Tuesday March 16, 2021’s Smile of the Day: The Minotaur
On this Day:
In 1900, Sir Arthur Evans rediscovered the bronze age city of Knossos in Crete, home of the legendary Minotaur.
In Greek mythology, the Minotaur is a mythical creature portrayed in Classical times with the head and tail of a bull and the body of a man or, as described by Roman poet Ovid, a being “part man and part bull”. He dwelt at the center of the Labyrinth, which was an elaborate maze-like construction designed by the architect Daedalus and his son Icarus, on the command of King Minos of Crete. The Minotaur was eventually killed by the Athenian hero Theseus.
After ascending the throne of the island of Crete, Minos competed with his brothers as ruler. Minos prayed to the sea god Poseidon to send him a snow-white bull as a sign of the god’s favour. Minos was to sacrifice the bull to honor Poseidon, but owing to the bull’s beauty he decided instead to keep him. Minos believed that the god would accept a substitute sacrifice. To punish Minos, Poseidon made Minos’ wife Pasiphaë fall in love with the bull. Pasiphaë had the craftsman Daedalus fashion a hollow wooden cow, which she climbed into in order to mate with the bull. The monstrous Minotaur was the result.
Pasiphaë nursed the Minotaur but he grew in size and became ferocious. As the unnatural offspring of a woman and a beast, the Minotaur had no natural source of nourishment and thus devoured humans for sustenance. Minos, following advice from the oracle at Delphi, had Daedalus construct a gigantic labyrinth to hold the Minotaur. Its location was near Minos’ palace in Knossos.
The Minotaur is commonly represented in Classical art with the body of a man and the head and tail of a bull. According to Sophocles’ Trachiniai, when the river spirit Achelous seduced Deianira, one of the guises he assumed was a man with the head of a bull.
From Classical times through the Renaissance, the Minotaur appears at the center of many depictions of the Labyrinth. Ovid’s Latin account of the Minotaur, which did not describe which half was bull and which half-man, was the most widely available during the Middle Ages, and several later versions show a man’s head and torso on a bull’s body – the reverse of the Classical configuration, reminiscent of a centaur. This alternative tradition survived into the Renaissance, and still figures in some modern depictions, such as Steele Savage’s illustrations for Edith Hamilton’s Mythology (1942).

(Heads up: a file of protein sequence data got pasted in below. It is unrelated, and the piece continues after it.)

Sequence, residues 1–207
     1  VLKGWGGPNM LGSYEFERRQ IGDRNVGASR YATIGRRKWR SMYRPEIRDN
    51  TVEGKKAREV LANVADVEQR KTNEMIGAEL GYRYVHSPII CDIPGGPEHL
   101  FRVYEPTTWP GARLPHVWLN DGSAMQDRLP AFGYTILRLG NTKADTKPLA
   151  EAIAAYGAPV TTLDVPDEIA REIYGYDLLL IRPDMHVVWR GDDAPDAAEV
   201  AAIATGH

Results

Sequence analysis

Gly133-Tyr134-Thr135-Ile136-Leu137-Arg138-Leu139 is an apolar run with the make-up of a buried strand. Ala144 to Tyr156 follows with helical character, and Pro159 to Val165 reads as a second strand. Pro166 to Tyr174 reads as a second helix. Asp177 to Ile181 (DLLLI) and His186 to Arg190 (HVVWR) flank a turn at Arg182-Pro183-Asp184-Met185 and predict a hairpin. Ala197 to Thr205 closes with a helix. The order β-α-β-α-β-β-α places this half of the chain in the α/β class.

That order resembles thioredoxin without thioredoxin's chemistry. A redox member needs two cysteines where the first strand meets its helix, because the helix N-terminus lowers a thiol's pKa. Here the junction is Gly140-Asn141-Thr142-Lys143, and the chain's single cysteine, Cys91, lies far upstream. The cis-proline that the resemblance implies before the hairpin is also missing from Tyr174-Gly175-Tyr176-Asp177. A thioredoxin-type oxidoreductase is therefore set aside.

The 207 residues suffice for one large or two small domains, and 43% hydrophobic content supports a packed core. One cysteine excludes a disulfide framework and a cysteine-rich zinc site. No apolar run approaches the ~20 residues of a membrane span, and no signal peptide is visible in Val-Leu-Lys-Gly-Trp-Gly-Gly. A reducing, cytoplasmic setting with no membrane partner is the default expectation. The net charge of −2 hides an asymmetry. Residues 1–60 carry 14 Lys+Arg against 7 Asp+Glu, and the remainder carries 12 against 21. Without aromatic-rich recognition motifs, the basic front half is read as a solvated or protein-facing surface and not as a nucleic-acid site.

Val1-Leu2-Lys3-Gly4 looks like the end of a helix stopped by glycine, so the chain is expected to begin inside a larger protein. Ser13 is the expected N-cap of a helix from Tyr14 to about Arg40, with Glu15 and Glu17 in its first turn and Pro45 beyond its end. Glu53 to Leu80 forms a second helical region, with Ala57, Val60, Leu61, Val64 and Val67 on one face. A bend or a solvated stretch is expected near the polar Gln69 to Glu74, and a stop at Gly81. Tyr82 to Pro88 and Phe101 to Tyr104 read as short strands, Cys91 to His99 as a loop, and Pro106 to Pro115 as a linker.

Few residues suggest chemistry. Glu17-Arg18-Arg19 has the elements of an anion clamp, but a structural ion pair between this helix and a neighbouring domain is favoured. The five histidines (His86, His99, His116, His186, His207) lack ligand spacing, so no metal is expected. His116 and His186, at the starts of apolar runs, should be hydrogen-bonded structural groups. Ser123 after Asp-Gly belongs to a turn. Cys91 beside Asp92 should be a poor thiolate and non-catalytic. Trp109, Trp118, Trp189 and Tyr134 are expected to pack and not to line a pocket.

Androgeus, son of Minos, had been killed by the Athenians, who were jealous of the victories he had won at the Panathenaic festival. Others say he was killed at Marathon by the Cretan Bull, his mother’s former taurine lover, whom Aegeus, king of Athens, had commanded him to slay. The common tradition holds that Minos waged and won a war to avenge the death of his son. Catullus, in his account of the Minotaur’s birth, refers to another version in which Athens was “compelled by the cruel plague to pay penalties for the killing of Androgeon.” Aegeus had to avert the plague caused by his crime by sending “young men at the same time as the best of unwed girls as a feast” to the Minotaur. Minos required that seven Athenian youths and seven maidens, drawn by lots, be sent every seventh or ninth year (some accounts say every year) into the Labyrinth to be devoured by the Minotaur.
When the third sacrifice approached, Theseus volunteered to slay the monster. He promised his father Aegeus that he would put up a white sail on his journey back home if he was successful, but would have the crew put up black sails if he was killed. In Crete, Minos’ daughter Ariadne fell madly in love with Theseus and helped him navigate the labyrinth. In most accounts she gave him a ball of thread, allowing him to retrace his path. According to various Classical sources and representations, Theseus killed the Minotaur with his bare hands, his club, or a sword. He then led the Athenians out of the labyrinth, and they sailed with Ariadne away from Crete. On the way home, Theseus abandoned Ariadne on the island of Naxos and continued to Athens. He neglected, however, to put up the white sail. King Aegeus, from his lookout on Cape Sounion, saw the black-sailed ship approach and, presuming his son dead, committed suicide by throwing himself into the sea that is since named after him. This act secured the throne for Theseus (per Wikipedia).
First, a Story:
Alexios was hired to look after the labyrinth on Crete. Problem is, he was a hard man to find.
Second, a Song:
Adam Tucker wrote “Theseus and the Minotaur” which is a song which tells the story of Theseus, the hero who defeated the Mintoaur. (www.rightroyalscene.co.uk).
I hope you enjoy this!
Thought for the Day:
“If I have to pick one story that most influenced ‘The Hunger Games,’ it would be the Greek myth of Theseus, which I read when I was about 8 years old. In punishment for past deeds, Athens periodically had to send seven youths and seven maidens to a labyrinth. In the maze was this Minotaur, and it would eat them.” – Suzanne Collins
Have a great day!
© 2021 David J. Bilinsky and Colleen E. Bilinsky